4 Ways To Find Greater Fulfillment In Life

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Finding Greater Fulfillment In Life: Ways To Achieve That

Living a fulfilling and purposeful life is one of the most underrated mindsets and skills to have. But what are the best ways you can go about finding fulfillment in life? Let’s find out, shall we?

Søren Kierkegaard, a Danish philosopher, theologian, and poet is considered by many to be the father of existentialism.

His work focuses on individual experience and the importance of personal choice and commitment, and his philosophy offers insights into living authentically and finding fulfillment amidst the distractions and pressures of the modern world.

In the course of Kierkegaard’s writings, instructive themes emerge for how to navigate life’s complexities with integrity and purpose. Here are four.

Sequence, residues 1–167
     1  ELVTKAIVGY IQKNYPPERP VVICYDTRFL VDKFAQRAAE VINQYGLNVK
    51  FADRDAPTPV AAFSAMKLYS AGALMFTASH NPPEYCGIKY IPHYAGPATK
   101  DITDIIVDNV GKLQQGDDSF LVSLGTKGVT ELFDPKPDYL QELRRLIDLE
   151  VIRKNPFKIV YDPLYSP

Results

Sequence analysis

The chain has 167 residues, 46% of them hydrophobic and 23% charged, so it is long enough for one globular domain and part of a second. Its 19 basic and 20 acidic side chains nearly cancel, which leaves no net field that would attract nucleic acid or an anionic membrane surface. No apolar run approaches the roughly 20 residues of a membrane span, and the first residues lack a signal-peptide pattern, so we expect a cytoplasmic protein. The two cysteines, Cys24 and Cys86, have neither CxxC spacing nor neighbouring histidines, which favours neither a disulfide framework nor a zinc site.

Related: 9 Life Lessons from Confucius

4 Ways to Find Greater Fulfillment in Life

1. Cultivate Self-Awareness and Introspection

Kierkegaard emphasized the importance of self-awareness and introspection as foundational to understanding one’s own existence and making authentic choices.

He argued that true self-knowledge requires a deep and honest examination of one’s thoughts, feelings, and motivations, involving questioning assumptions and beliefs inherited from culture and upbringing, a theme echoed in his fascination with Socratic self-knowledge.

In early autobiographical reflections, Kierkegaard acknowledged an enjoyment of attention and recognition as a personal weakness, exemplifying the kind of self-scrutiny he advocated. In The Sickness Unto Death, he explored despair as arising from a lack of self-awareness and the failure to live up to one’s own ideals.